In the ironically named Thank You for Your Service, Finkel writes with tremendous compassion not just about the soldiers but about their wives and children. Where do soldiers belong after their homecoming? Is it possible, or even reasonable, to expect them to rejoin their communities as if nothing has happened? And in moments of hardship, who are soldiers expected to turn to if they feel alienated by the world they once lived in? These are the questions Finkel faces as he revisits the brave but shaken men of the 2-16.

     More than a work of journalism, Thank You for Your Service is an act of understanding—shocking but always riveting, unflinching but deeply humane, it takes us inside the heads of those who must live the rest of their lives with the chilling realities of war.

About the Author

David Finkel is a staff writer for The Washington Post and the leader of the Posts national reporting team. In 2012, he received a MacArthur Fellowship for his journalism, and in 2006 he won the Pulitzer Prize for Explanatory Reporting for a series of stories about U.S.-funded democracy efforts in Yemen. Finkel lives in Silver Spring, Maryland, with his wife and two daughters.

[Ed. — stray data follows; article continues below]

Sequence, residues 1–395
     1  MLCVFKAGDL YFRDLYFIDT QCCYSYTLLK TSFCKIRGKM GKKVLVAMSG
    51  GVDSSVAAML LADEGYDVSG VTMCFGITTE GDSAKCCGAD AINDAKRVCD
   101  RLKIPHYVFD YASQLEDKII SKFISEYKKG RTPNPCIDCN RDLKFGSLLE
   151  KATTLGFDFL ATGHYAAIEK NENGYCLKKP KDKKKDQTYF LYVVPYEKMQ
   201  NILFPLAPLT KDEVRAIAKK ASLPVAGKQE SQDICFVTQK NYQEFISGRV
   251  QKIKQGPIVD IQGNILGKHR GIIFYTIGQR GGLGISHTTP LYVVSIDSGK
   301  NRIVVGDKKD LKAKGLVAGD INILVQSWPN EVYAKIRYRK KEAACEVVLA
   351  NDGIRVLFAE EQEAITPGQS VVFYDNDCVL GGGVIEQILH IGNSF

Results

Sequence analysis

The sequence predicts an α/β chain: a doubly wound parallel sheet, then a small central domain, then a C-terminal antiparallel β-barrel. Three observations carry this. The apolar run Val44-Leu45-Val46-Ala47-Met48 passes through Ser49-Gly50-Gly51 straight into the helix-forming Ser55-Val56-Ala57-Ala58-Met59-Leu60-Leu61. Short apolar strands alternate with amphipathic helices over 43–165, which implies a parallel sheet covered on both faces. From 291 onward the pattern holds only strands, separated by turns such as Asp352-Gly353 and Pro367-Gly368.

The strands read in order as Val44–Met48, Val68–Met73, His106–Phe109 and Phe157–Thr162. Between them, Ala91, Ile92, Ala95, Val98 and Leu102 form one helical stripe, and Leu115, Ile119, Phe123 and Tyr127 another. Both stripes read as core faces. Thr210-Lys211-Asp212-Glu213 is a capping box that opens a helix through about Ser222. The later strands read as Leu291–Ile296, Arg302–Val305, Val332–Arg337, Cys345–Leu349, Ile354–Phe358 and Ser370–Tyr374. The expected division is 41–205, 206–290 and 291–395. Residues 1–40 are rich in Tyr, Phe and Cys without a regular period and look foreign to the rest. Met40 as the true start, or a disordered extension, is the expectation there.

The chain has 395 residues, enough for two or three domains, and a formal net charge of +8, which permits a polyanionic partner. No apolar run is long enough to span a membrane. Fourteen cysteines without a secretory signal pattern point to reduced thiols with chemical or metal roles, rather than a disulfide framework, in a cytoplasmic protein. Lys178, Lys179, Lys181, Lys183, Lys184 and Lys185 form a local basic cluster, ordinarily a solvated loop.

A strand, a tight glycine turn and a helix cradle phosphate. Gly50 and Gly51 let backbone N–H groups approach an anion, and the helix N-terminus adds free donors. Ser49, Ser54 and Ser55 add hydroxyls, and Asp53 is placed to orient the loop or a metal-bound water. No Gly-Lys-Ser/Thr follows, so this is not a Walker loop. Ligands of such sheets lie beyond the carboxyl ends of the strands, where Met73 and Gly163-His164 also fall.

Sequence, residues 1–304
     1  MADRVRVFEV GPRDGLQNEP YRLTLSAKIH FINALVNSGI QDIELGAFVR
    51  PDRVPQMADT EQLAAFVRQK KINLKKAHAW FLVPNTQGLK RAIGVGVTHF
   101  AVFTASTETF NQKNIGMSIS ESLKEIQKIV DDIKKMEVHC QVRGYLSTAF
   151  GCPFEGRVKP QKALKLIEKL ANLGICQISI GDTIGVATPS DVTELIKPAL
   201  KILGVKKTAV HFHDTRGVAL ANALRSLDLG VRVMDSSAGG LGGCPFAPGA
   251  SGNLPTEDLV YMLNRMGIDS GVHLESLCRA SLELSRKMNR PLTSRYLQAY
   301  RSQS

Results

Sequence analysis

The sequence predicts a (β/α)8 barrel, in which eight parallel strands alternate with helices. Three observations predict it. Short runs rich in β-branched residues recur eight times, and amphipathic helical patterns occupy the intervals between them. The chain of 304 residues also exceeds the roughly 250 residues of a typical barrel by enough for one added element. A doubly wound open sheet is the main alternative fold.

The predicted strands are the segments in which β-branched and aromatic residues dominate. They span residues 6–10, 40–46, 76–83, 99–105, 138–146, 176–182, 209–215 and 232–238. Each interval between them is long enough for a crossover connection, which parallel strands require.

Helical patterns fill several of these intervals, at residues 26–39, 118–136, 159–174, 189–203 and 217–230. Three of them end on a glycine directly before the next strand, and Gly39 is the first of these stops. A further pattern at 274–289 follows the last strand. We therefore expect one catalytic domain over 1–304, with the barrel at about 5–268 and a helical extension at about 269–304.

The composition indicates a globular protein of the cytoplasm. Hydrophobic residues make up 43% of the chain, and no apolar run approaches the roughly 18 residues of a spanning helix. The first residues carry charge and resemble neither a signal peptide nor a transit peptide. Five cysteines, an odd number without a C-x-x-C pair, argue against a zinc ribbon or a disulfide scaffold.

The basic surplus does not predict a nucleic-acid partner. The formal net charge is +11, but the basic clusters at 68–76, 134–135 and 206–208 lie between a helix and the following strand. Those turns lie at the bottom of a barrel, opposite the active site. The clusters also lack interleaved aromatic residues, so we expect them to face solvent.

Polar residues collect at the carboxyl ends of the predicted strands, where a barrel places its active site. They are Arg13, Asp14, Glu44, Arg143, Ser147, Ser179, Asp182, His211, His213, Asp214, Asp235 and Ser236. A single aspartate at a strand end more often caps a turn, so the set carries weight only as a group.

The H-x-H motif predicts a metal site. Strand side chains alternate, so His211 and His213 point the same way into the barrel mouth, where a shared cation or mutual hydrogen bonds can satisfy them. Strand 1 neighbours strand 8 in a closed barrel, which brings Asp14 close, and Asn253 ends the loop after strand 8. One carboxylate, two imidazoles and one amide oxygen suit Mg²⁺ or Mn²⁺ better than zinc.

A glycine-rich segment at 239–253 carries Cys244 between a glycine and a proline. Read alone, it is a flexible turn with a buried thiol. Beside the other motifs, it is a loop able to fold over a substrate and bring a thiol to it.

Product Details

ISBN:
9780374180669
Author:
Finkel, David
Publisher:
Picador
Author:
Bishop, Arthur
Subject:
International Relations
Subject:
Political Freedom
Subject:
Military - United States
Subject:
Military - Veterans
Subject:
Politics-United States Foreign Policy
Edition Description:
Trade paper
Publication Date:
20140930
Binding:
Electronic book text in proprietary or open standard format
Language:
English
Illustrations:
8 CDs, 9 hours
Pages:
272
Dimensions:
9 x 6 in 1 lb

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Related Subjects

Featured Titles » History and Social Science